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Evaluating the risk of substituting fixed-asset NBV for FMV

Nick Shannon (nick.shannon@vmghealth.com) is Managing Director, Capital Asset Valuation, VMG Health in Dallas.

Did you know that when comparing fair market value (FMV) to net book value (NBV), the difference in value could be as much as three times?

Medical equipment, fixed assets, and other tangible personal property (capital assets) are commonly a significant element in healthcare transactions. Capital assets represent a diverse range of tangible asset investment, from general office furniture, fixtures, and equipment used in a professional medical practice to sophisticated equipment and technology systems operated in hospitals, ambulatory surgery centers, imaging centers, and radiation therapy facilities.

When considering a potential transaction, the regulatory requirements with the Stark Law set a precedent of establishing FMV—defined as “opinion expressed in terms of money, at which the property would change hands between a willing buyer and a willing seller, neither being under any compulsion to buy or to sell and both having reasonable knowledge of relevant facts, as of a specific date”[1] —related to all components of a healthcare business that have financial relationships with physicians. Additionally, broader implications of a transaction may warrant support, for all parties involved, that asset value is consistent with current market levels. Depending on the healthcare business and facility, capital assets are often a material component of value when determining the following:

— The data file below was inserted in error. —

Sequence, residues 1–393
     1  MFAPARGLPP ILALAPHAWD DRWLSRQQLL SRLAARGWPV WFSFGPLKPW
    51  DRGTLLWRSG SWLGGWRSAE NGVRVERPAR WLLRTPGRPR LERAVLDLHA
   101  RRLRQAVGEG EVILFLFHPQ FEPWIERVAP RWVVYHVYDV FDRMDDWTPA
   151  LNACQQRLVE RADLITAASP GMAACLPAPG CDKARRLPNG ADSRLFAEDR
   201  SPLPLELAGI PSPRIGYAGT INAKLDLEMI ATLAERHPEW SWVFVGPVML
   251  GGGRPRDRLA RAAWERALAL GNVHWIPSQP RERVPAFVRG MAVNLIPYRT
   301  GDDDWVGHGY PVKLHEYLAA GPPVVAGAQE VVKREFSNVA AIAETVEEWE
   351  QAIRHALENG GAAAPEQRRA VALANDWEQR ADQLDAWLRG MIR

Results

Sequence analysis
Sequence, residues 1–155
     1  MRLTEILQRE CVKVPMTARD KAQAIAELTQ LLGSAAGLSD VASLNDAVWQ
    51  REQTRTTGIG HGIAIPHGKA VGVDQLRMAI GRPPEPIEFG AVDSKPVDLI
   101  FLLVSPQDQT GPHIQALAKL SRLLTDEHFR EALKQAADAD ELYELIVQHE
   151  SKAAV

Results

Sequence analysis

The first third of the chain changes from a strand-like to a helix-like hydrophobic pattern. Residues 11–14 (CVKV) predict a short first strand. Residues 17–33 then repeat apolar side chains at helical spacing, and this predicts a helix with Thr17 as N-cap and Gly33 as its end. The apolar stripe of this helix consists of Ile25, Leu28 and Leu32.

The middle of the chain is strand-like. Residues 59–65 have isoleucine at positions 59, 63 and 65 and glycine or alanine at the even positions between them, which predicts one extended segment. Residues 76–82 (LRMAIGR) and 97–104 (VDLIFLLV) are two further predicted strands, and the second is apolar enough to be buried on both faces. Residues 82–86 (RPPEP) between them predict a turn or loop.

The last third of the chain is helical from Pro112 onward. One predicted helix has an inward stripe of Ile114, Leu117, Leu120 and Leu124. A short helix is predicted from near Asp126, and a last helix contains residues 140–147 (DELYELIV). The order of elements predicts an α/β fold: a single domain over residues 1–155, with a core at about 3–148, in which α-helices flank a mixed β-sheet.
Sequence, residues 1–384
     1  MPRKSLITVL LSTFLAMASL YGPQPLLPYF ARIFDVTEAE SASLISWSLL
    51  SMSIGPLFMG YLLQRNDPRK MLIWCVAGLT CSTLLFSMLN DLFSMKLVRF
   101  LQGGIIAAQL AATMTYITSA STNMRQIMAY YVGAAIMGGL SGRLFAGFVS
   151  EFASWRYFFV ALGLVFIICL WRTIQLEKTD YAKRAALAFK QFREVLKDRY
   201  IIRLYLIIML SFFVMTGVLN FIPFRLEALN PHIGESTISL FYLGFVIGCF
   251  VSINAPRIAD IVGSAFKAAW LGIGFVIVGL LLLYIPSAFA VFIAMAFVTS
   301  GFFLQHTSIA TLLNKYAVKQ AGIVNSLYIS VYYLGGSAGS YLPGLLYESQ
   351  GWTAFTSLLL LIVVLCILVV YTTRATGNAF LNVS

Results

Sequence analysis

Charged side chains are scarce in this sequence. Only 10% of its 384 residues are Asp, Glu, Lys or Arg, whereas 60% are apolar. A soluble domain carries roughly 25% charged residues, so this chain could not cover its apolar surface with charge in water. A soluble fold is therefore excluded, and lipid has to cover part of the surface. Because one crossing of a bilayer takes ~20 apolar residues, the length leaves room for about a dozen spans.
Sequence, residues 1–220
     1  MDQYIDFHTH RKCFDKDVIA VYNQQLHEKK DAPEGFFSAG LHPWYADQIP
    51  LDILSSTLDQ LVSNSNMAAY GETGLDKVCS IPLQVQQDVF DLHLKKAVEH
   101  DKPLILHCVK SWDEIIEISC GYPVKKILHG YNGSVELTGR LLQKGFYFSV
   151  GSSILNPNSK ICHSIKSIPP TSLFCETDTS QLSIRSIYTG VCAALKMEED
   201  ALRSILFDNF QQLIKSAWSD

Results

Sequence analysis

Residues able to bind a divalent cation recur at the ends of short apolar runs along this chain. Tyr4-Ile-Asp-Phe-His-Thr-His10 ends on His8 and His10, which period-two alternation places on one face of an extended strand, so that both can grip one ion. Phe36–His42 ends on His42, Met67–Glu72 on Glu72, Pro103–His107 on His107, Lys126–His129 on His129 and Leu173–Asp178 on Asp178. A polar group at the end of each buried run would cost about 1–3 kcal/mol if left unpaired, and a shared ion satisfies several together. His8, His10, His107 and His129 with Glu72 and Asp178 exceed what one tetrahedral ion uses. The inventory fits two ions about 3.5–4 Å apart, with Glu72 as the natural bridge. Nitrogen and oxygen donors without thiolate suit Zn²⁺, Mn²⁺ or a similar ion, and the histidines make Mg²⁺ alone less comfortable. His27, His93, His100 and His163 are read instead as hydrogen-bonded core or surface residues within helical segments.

• Capital asset FMV in support of compliance and financial planning for acquisitions, mergers, divestitures, and asset transfers;

  • Capital asset FMV in support of a broader business valuation;

  • Capital asset FMV in support of financial planning for federal tax purposes; and

  • Capital asset FMV in support of liquidations, bankruptcies, and collateral audits.

Likewise, there are often considerations for post-transaction closing and preparation where capital assets may play another important role, including capital asset fair value (FV)—defined as “the price that would be received to sell an asset or paid to transfer a liability in an orderly transaction between market participants at the measurement date”[2] —in support of financial reporting standards and requirements.

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